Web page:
New book by Gould alum Lisa Kloppenberg celebrates life of Judge and former Dean Dorothy W. Nelson
By Leslie Ridgeway
Judge Dorothy Nelson (LLM 1956)
The contributions, influence and legacy of USC Gould School of Law Dean Emeritus Dorothy Wright Nelson (LLM 1956) took center stage Nov. 3 at a special discussion of The Best Beloved Thing is Justice: The Life of Dorothy Nelson, a new book written by her former law student and clerk Lisa Kloppenberg (JD 1987).
Moderated by Professor Camille Gear Rich, the conversation with Kloppenberg and Nelson – senior judge of the United States Court of Appeals for the Ninth Circuit, who served as USC Gould faculty from 1957-1980 – touched on Nelson’s milestones and achievements: the first female dean of a major U.S. law school; her work in legal education; and the power of food to connect people.
The moderator and speakers were introduced by law students Kiara Jackson, outreach chair of the Womxn of Color Collective and Kathleen Moore and Rachel Stone, co-presidents of the Women’s Law Association.
Lisa Kloppenberg (JD 1987)
Nelson noted the challenges and opportunities that came with being one of just two women law students in her UCLA law school class in the late 1940s. When one professor condescendingly said he would only call on the women on “Ladies Day,” Nelson and her female colleague instead took the initiative to capitalize on the advance notice.
“We would go home and stay up all night long,” she said to audience laughter. “We knew every footnote of every case and always did very well in that class.”
The encouragement of legal legend Roscoe Pound, her professor at the time, kept her in law school after disappointing first-year grades. When he pointed out that her answers dutifully quoted the appropriate legal scholars but failed to answer the questions, the experience later led her to institute practice exams for first-year law students when she became dean, giving law students a jump start on their legal education.
Kloppenberg emphasized the importance of the relationship with Pound and the value of mentorship, exhorting students to make the effort to find mentors to guide their progress.
Professor Camille Gear Rich
“He helped her see what was important,” she said. “He helped her get her first job when jobs for women were not plentiful. She became this great court reformer… That’s a great thing about USC. People really do care, and it’s small enough where you can build those relationships. That’s one reason I wrote the book — because she’s been such a mentor to me and to thousands of other people.”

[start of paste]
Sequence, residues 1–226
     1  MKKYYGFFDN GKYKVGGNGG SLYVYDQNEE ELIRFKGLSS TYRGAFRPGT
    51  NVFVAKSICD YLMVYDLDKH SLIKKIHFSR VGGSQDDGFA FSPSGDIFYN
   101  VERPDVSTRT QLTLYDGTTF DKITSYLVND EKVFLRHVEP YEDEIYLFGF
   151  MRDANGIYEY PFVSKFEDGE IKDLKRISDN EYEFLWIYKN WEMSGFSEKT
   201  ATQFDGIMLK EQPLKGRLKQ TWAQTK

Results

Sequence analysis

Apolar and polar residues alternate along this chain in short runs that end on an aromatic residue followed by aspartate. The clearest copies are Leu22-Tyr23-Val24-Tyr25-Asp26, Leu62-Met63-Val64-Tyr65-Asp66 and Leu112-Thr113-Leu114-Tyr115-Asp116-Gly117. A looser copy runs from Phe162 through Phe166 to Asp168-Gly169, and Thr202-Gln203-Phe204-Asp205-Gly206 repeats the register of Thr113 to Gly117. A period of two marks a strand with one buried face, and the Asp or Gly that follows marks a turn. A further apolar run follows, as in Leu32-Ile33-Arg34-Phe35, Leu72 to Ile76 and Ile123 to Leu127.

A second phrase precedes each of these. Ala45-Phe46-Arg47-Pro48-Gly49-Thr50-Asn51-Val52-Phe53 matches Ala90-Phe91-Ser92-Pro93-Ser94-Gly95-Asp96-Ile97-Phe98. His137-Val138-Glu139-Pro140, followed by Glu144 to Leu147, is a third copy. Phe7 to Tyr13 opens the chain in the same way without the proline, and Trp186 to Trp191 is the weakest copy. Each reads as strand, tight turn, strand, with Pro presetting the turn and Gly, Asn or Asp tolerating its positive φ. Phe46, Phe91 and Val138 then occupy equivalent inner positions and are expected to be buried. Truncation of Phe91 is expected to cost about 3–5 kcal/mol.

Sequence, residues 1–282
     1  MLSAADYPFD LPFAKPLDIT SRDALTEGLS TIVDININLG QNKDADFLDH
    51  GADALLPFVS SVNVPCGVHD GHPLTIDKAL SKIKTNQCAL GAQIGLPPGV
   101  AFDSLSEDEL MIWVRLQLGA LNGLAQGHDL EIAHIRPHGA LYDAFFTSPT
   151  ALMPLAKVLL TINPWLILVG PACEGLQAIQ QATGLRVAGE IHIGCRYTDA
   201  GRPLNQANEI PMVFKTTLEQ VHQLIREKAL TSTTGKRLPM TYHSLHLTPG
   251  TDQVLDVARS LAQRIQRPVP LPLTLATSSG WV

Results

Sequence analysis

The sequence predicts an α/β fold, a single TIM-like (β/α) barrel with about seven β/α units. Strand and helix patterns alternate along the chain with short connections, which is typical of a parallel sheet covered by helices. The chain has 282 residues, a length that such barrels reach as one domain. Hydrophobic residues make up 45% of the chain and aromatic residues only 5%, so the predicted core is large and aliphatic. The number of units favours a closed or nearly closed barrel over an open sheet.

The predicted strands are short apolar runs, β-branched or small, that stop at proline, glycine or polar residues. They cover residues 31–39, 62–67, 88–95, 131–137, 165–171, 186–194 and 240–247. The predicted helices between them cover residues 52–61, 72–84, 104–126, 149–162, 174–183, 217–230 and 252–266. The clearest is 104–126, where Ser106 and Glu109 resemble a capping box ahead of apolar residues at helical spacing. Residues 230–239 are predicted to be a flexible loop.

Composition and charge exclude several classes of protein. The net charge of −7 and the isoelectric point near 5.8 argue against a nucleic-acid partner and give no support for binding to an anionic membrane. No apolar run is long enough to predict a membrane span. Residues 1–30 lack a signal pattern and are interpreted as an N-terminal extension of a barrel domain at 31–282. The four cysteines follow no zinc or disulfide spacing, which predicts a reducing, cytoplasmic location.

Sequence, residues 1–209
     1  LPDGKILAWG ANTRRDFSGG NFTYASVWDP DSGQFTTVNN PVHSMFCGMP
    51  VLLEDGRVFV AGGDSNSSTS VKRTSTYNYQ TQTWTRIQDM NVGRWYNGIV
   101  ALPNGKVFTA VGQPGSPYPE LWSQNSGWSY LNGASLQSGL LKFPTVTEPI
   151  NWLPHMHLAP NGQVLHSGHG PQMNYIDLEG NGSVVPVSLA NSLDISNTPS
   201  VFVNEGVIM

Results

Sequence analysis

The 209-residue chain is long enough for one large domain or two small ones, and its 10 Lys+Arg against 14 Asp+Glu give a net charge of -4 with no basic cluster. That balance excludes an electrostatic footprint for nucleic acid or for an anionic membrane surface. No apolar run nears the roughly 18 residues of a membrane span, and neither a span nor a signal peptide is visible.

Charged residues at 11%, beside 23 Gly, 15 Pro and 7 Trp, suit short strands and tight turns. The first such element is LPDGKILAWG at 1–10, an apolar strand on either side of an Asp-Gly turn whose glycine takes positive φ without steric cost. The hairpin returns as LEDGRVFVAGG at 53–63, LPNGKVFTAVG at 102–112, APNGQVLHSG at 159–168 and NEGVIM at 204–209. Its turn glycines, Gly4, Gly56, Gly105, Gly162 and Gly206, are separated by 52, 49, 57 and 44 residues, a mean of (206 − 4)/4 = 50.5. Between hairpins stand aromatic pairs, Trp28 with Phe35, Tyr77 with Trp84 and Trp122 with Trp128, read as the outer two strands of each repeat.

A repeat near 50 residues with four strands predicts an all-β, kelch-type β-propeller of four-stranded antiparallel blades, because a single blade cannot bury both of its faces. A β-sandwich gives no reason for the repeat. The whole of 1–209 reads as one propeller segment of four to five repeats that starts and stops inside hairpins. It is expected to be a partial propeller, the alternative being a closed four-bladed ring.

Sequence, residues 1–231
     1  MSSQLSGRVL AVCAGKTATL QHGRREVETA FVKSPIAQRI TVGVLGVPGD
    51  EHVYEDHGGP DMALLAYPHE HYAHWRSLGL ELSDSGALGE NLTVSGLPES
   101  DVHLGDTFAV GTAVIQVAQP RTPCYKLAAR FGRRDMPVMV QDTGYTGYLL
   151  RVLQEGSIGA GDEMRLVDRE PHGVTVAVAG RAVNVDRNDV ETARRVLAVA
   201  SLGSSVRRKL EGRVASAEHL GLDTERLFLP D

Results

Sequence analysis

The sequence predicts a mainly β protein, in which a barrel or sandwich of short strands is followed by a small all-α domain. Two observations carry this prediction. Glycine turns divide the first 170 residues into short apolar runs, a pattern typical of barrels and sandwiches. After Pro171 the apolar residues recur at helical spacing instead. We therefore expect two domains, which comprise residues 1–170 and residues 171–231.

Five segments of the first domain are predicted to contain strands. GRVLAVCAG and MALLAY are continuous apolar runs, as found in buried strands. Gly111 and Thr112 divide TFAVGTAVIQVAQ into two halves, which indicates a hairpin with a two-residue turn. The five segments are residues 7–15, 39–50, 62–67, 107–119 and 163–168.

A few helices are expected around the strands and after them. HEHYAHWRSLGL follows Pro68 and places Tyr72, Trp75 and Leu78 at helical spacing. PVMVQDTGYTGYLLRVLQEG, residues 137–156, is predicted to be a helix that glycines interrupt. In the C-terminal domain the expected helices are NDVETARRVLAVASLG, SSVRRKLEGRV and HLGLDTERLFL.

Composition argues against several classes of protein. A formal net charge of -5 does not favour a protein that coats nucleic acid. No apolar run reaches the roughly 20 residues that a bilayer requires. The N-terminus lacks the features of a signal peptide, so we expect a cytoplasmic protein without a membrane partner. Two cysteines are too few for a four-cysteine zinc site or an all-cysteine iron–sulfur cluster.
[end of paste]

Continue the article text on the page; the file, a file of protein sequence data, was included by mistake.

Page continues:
Kloppenberg is a professor and former dean of the Santa Clara School of Law, and she previously served as Santa Clara University’s provost and acting president.
Throughout her time at USC, Nelson was an advocate for equality, inspired by her Baha’i faith, she noted. Nelson was a campus leader on affirmative action and outreach efforts. In addition, while Nelson served as dean, the Western Center on Law and Poverty – then housed at the Gould School – sued L.A. Police Chief Ed Davis for discrimination against minorities, raising the ire of the USC’s board of trustees. Nelson credited University President James Topping with backing up her actions to support diversity and equity on campus.
Rich noted Nelson’s creative risks to champion affirmative action, and the lessons they leave behind for today’s diversity, equity and inclusion advocates.
“You were bold back then in an environment that really maybe wasn’t as conducive to achieving what you wanted to achieve, and we will have to be bold in the future as well,” said Rich, who holds the Dorothy W. Nelson Professor of Law and Sociology.
When asked by a woman law student for career advice, Nelson advised identifying one’s passion, finding others who share the same values and goals and working together to fight for justice and change.
“You have to ask yourself who am I, what do I really believe in, what do I really want to end up doing in my life – and then don’t be afraid to pursue it,” Nelson said.